Translation: Douglas had to do the trade for the long-term health of the franchise.
Some fans might be skeptical, and that’s understandable because they have heard this rap before. Douglas’ predecessors have traded away top talent over the years (Darrelle Revis, anyone?), each time selling the idea of a brighter tomorrow.
Thing is, those happy tomorrows never happened because the GMs who made those trades stunk at drafting, a big reason why the Jets haven’t made the playoffs since 2010. We don’t know about Douglas yet because his first draft class still hasn’t been on the field. If he’s not any better than his predecessors at picking players, the Adams trade will be remembered as one of those “Same ol’ Jets” moves.
Adams is a known player, but the Jets refused to extend him with two years remaining on his rookie contract. Douglas, who hasn’t talked to the media since late April, has yet to address that issue. If you love him so much, why not pay him? When it became clear to Adams in late spring that a new deal wasn’t happening, he began criticizing the organization on social media.
To NY & especially the Jets fans:
I love you & will always love you. You all will hold a special place in my heart forever. When I came into the league, you embraced me & watched me grow! We went through it all together. Thank you for the Luv & support these 3 years. #Prez Out. pic.twitter.com/1jkSMJKQNH
— Jamal Adams (@Prez) July 25, 2020
Then came the June 18 trade request, which didn’t surprise Douglas. He expected it. The game plan didn’t change — he still hoped to find a happy place with Adams — but what the trade request did was signal to the rest of the league that something was rotten in New Jersey. Calls started coming in. Teams smelled an opportunity, wanting to know what it would take to pry the All-Pro safety away from the Jets.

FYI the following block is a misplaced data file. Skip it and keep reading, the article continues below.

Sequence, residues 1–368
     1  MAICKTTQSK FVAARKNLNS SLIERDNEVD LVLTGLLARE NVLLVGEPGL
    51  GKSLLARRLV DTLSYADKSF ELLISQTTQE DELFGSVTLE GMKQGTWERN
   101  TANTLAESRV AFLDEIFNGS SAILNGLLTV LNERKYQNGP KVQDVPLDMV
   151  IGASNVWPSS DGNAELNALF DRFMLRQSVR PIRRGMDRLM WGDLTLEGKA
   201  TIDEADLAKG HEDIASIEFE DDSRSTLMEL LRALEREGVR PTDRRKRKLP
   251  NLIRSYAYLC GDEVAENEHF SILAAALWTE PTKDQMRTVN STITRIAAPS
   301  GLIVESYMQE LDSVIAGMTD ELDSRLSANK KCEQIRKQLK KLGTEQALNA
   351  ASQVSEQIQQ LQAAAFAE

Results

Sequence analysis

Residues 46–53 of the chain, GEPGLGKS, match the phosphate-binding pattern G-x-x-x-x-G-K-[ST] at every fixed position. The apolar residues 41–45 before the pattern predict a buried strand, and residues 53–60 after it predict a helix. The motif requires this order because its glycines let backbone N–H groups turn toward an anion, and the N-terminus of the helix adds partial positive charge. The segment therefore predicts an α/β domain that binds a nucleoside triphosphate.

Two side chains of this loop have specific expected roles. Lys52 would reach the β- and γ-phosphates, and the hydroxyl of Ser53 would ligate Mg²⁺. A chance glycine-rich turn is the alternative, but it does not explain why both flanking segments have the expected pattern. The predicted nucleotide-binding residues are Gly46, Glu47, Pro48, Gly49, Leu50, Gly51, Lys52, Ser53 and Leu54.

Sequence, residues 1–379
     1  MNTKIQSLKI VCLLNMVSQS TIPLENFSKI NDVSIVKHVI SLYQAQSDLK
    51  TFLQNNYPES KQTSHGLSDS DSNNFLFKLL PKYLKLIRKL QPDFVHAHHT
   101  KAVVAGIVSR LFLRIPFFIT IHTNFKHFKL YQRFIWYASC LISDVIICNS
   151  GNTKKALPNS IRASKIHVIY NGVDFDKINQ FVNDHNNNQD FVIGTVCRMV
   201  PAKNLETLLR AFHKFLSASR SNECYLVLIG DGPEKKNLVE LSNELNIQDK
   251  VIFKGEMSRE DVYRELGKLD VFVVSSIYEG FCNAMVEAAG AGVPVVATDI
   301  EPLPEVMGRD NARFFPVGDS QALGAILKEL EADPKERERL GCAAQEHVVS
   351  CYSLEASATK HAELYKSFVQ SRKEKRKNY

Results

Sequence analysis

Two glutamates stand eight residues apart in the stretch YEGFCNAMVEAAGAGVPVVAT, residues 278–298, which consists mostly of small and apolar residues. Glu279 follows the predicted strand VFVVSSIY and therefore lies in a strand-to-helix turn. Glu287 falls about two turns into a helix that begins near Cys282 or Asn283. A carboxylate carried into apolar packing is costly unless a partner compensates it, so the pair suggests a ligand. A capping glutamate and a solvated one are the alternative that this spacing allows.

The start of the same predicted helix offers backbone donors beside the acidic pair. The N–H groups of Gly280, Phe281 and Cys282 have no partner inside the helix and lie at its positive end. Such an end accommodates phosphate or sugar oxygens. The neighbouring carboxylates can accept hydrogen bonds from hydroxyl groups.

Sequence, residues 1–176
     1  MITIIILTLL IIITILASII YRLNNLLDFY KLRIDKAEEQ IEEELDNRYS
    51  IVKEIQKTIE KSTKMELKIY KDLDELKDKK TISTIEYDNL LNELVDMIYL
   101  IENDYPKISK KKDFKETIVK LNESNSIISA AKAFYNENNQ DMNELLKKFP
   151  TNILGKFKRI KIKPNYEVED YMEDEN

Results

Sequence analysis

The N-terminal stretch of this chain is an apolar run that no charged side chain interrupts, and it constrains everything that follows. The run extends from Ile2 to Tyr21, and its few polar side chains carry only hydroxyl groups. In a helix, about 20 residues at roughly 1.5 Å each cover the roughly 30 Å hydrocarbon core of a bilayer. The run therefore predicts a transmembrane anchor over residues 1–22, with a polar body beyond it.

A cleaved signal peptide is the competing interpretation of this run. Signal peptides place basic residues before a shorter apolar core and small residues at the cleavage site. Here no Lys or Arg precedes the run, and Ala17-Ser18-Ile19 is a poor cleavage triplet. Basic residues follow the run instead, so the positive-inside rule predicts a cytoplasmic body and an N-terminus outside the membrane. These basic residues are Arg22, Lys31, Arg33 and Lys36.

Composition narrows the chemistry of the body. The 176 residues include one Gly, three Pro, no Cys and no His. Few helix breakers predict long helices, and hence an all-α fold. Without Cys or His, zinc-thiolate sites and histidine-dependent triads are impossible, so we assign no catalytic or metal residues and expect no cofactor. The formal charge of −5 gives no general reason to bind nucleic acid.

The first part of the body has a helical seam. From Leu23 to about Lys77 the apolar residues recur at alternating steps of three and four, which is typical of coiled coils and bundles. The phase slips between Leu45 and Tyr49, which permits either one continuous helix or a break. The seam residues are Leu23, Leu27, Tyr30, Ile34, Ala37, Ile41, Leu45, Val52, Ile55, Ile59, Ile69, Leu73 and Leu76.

Douglas played it beautifully, showing patience as Adams’ social media outbursts continued and training camp, set to start July 28, drew closer. Eventually, Douglas pulled the trigger on a trade that once didn’t seem possible.
When he was drafted in 2017, Adams was billed as a culture-changer, an alpha personality who would lead the Jets out of the darkness. Then-coach Todd Bowles said, “The culture we’re trying to create, I think he’s perfect for our building.” (Would this be a bad time to remind folks the Jets passed on quarterback Patrick Mahomes to take Adams?)
As it turned out, Adams couldn’t handle the losing.
Despite his stellar play, the Jets went 16-32 and Adams became embittered. He lashed out at teammates at halftime during an ugly loss last season to the Jacksonville Jaguars, sources said. He whined at the trade deadline because his name was floated in talks. That was the turning point; that’s when Adams appeared to lose faith in the front office. It got to a point where he openly said he was “trying to” get traded to Dallas to play for his hometown Cowboys. Only a market-setting contract extension could have salvaged the marriage, and the Jets didn’t want to go there, not this year.
Adams wanted out so badly that he will play for the Seahawks under his current contract — happily. On Saturday night, he celebrated the trade with a cigar on Instagram Live, behaving in front of his followers like a man who had been freed from a bad relationship.
Only five months ago, Douglas proclaimed his plan was to make Adams a “Jet for life.” Life changes quickly around this team.